Article: No Safe Space for Billionaire Apologists
By Cody Sexton
In an article featured on Cracklord (I know, it sounds like any other boring tech-bro website talking about crypto, and it is, but stick with me nonetheless) Net worth vs liquidity - Jeff Bezos didn't get $13.2 billion in minutes, there is a claim made by the author (a few actually) that I want to address since it’s been paraded around as if it’s some sort of checkmate against anti-capitalists.
Here’s the quote in full context:
“The $13.2 billion that Jeff Bezos "added to his wealth", is an addition to his net worth, not his liquid capital. It doesn't mean he can actually spend this money because he has not received any money in cash or other liquid capital, the money is simply coming from the valuation of his stocks in Amazon. In order to actually use this money, he would have to sell some shares in Amazon. Jeff currently has around 55 million shares in Amazon and Amazon is currently valued at around $3200 per share. This gives Jeff around $180 billion dollars in Amazon shares. If he wants to cash in and start using that $13.2 billion dollars, he'd have to sell over 0.5% of his remaining 11% of shares.”
So, first things first. What this really is, is just more capitalist bullshit masquerading as insight. We know it’s bullshit because Bezos doesn’t need to sell off any of his Amazon stock to gain liquidity: He can simply walk into any goddamn bank, ask for a loan, and use his stocks as collateral to (you guessed it) get that cash a baby!
He would literally have no problem whatsoever if he wanted to obtain one or two billion dollars this way, and since the cost of money is very low, especially with proper collateral, he could even invest that money without any concern about interest rates. (Bezos has actually been selling about $1 billion of Amazon stock a year to help fund his space exploration company, Blue Origin).
Which leads me to believe that the author of this article, instead of the ant-capitalists, doesn’t know jack shit about how things work, it’s again, as usual, the capitalist cucks desperately trying to save a dying system. (Sidenote: markets, you dumb fucks, are different from capitalism or any other ism).
That’s strike one. Here’s strike two:
“I've heard a lot of people say stuff like "Jeff Bezos should pay his employees more, he is a slave driver". Jeff pays his employees what they are willing to accept for the job that they provide. If they could get more money, they would go elsewhere. In fact, in conversation I stated this and the person oddly retorted (paraphrasing) "A lot of these frontline workers don't have better options, they don't have a choice but to work for Amazon as it's the best they can get". Wait, they didn't have better options until Amazon came around? Sounds like they should be thanking Jeff Bezos for having any career options at all if that's the case!”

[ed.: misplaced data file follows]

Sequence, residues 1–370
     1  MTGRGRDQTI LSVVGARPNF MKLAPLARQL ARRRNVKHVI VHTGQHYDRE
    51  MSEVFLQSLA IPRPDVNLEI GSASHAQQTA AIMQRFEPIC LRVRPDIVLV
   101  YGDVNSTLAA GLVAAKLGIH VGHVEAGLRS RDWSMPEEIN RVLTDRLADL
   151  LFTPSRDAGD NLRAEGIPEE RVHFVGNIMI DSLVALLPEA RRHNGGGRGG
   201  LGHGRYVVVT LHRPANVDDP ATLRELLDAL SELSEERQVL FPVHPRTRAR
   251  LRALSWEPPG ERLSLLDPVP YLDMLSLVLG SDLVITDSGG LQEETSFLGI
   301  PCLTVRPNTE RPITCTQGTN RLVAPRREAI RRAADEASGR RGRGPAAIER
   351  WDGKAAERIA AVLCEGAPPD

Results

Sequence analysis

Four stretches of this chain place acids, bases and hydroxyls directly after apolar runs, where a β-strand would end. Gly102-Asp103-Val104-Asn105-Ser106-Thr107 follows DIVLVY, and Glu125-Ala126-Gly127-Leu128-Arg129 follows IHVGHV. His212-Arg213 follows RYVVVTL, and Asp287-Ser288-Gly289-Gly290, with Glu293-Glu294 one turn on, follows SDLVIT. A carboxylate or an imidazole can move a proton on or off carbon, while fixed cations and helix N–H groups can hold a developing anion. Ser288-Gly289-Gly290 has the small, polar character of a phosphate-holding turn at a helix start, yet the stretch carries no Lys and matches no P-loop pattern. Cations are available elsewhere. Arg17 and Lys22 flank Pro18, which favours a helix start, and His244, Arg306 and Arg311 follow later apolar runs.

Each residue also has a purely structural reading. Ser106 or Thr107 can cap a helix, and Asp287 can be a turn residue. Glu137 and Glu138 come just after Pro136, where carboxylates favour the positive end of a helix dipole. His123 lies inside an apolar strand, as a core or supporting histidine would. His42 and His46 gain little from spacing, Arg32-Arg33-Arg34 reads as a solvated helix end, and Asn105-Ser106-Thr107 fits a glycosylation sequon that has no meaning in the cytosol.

Such an earnest attempt to wash the balls of their capitalist overlord in the hopes that he might throw them a few coin (or at the very least peg them into oblivion).
Answer me this: Who has ever held a job, that’s considered “low skill”, that has ever allowed them to be able to negotiate their wages? NOT ONE FUCKING PERSON YOU DIPSHIT MOTHERFUCKER! The author of this article, in addition to knowing nothing about capitalism, understands absolute fuck-all about how power dynamics operate under the very system they claim to understand so well.
Here’s strike three:
They then go on to make the rather odd claim (addressing the sale of Amazon stock again) that the only thing standing in the way of full worker exploitation is folk super hero, and wannabe Lex Luthor, Jeff Bezos. (The fuck?)
“Then, to what end would Jeff do something so drastic? Once he has done this, he loses control of the company. Who knows how the next shareholders who can control the voting majority of the company, will decide how to run it? Perhaps they will cut salaries, cut benefits, cut employees on the frontlines in favor of more automation. This would affect their future salary, perhaps they would be taking that once in a lifetime bonus only to lose their job a year later and as my colleague put it "they have no better options besides Amazon", so what are they doing to do now?”
They’re right. If Bezos sold all of his stock and gave everyone a raise with bonuses, it would just be taxed and since getting that money wouldn’t be “life changing” anyway, it’s best to just let Daddy Bezos keep it. He knows what’s best for us after all.
My point in this rebuttal is the same as Elizabeth Anderson’s in her book Private Government, which simply put, is that “workers need some kind of institutionalized voice at work to ensure that their interests are heard, that they are respected,
and that they have some share of autonomy in workplace decisions. Subjecting them to private government---to arbitrary, unaccountable authority---is no way to treat people who have a claim to dignity, autonomy, and standing no less than that of their employers.”
“Capitalist companies exercise a kind of unaccountable, nondemocratic power over the lives of their workers, that is extremely morally objectionable.” And anyone who would argue in favor of such an arrangement is either morally bankrupt or severely mentally handicapped. (I’m looking at you John Mackey).
Cody Sexton is the managing editor for A Thin Slice of Anxiety. His work has been featured at The Indie View, Writer Shed Stories, The Diverse Perspective, Detritus, Revolution John, Due Dissidence, and As It Ought To Be Magazine where he is a regular contributor. In addition he is also a 2020 Best of the Net Nominee for his pioneering essay The Body of Shirley Ann Sexton.